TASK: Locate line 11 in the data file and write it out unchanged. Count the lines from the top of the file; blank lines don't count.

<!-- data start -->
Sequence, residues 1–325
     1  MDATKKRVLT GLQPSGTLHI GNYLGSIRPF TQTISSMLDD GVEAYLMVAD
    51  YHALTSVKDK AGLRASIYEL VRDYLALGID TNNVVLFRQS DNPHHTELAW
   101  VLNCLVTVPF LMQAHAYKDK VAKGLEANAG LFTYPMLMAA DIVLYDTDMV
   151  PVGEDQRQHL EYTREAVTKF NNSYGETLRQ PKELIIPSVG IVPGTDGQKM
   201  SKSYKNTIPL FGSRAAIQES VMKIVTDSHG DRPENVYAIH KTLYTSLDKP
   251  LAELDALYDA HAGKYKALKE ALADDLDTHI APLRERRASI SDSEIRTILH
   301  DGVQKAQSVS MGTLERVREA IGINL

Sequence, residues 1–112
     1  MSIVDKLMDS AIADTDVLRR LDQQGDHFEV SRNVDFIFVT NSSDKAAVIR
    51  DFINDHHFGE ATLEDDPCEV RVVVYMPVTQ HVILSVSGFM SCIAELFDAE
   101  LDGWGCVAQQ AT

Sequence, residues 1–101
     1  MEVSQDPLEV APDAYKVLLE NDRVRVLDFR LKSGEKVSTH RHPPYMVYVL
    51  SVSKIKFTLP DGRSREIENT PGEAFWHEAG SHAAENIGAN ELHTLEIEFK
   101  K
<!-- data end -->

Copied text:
    51  DFINDHHFGE ATLEDDPCEV RVVVYMPVTQ HVILSVSGFM SCIAELFDAE